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ATKINSON o@ca.on.york_county.toronto.globe_and_mail 2003-11-26 published
A scholar and a gentle man
'Fine example of a great Canadian' who founded Ontario's Brock University was once private secretary to prime minister Mackenzie KING
By Ron CSILLAG, Special to The Globe and Mail Wednesday, November 26, 2003 - Page R9
In an almost Zen-like fashion, James GIBSON knew the value of not acting. In the late 1960s, when a group of student radicals seized part of Brock University, hoping to be dragged away kicking and screaming, Dr. GIBSON, who had helped found the institution a few years earlier, reacted in a way no other university president did when faced with the same problem: He did nothing. The protesters, he reasoned, may have had legitimate grievances, but their unseemly actions offended his firm sense of propriety. In time, the students simply went away.
It was an effective, though uncharacteristic, action for a man who embodied Brock's Latin motto: "Surgite," freely translated as "push on." That he did, through some 65 rich years of advancing higher education and in public service, most notably as a private secretary to former prime minister Mackenzie KING, whose penchant for soothsaying and assorted eccentricities Dr. GIBSON kept mainly to himself until later in life.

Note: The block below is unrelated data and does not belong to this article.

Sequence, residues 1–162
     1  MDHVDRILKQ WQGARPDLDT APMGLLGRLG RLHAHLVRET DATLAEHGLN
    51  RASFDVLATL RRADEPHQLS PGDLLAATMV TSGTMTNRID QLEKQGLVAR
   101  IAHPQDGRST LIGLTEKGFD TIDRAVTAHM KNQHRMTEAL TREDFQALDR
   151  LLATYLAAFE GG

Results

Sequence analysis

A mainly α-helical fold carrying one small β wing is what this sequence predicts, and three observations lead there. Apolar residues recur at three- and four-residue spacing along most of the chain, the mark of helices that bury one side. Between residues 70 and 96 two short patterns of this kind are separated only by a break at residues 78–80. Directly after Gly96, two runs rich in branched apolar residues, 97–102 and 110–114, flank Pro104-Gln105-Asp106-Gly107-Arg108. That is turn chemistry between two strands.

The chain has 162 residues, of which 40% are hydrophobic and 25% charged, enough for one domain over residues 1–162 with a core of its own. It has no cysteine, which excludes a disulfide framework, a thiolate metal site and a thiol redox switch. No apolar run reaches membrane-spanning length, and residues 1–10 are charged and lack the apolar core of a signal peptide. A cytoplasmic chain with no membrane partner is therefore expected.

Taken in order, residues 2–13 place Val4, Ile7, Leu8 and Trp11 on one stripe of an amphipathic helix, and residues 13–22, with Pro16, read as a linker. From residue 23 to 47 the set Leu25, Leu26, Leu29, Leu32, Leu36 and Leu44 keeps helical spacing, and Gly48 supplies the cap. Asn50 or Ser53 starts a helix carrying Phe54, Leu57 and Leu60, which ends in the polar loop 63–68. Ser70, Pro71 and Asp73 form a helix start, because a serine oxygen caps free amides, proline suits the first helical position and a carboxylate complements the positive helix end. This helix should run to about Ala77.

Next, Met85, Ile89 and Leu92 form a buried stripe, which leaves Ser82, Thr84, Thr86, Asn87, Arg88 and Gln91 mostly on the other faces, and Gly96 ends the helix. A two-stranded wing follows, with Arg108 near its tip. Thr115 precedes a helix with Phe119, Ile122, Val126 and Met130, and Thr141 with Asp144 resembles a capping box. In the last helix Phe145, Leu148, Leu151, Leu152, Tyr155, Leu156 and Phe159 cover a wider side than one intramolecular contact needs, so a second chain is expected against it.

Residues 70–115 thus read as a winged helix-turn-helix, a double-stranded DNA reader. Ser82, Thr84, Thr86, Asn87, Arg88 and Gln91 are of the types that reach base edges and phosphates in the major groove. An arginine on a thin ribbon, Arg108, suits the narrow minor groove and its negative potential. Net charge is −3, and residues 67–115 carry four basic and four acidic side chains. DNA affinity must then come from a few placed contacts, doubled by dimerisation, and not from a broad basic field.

Just five days before his death in Ottawa on October 23 at the age of 91, Dr. GIBSON was doing what he loved: Watching a new group of graduates receive their diplomas at the fall convocation of Brock University in St. Catharines, Ontario, the school he had launched as founding president in 1963.
At a recent memorial service at Brock, David ATKINSON, the university's president and vice-chancellor, recalled a man whose attributes a strong moral fibre, clarity of thought and a general uprightness, all tempered by a warm and gentle touch -- harkened to a quaint, bygone era. "It's unlikely we will meet anyone like him again," Dr. ATKINSON said.
In the House of Commons on October 27, Dr. GIBSON was praised by St. Catharines Liberal member of parliament Walt LASTEWKA as "a fine example of a great Canadian."
Dr. GIBSON, whose knowledge of Canadian history and government were legend, was in the news this past summer as the oldest of over 1,000 Rhodes Scholars who flew to England for a five-day bash honouring the centenary of the trust. With his brother William, also a Rhodes Scholar, Dr. GIBSON dedicated a re-leaded stained-glass window at the chapel of Oxford's New College.
A normally discreet man, he had sharp words for former prime minister Brian MULRONEY, not an Oxford graduate, who surprised guests at the alumni dinner -- and raised a few eyebrows -- when he took a seat on the podium alongside Oxonians Bill CLINTON and Tony BLAIR, and guest Nelson MANDELA. Many alumni, Dr. GIBSON included, felt that Mr. MULRONEY, who had been invited by The Independent newspaper chain, had no business being there. Though upset, Dr. GIBSON retained his dignity, saying simply, "I was offended."
James Alexander GIBSON was born in Ottawa, in 1912, to Canadian-born parents of Irish-Scottish stock with strong Methodist and Quaker leanings. Raised in Victoria, he graduated with a B.A. in history from the University of British Columbia at age 18. Less than a year later, he was one of the youngest boys at Oxford.
"That was the real dividing line in my life," he told The Globe and Mail last July. "The economic depression was beginning to take over and some of the graduates in my year at University of British Columbia ended up digging ditches, but I had a guaranteed income for three years."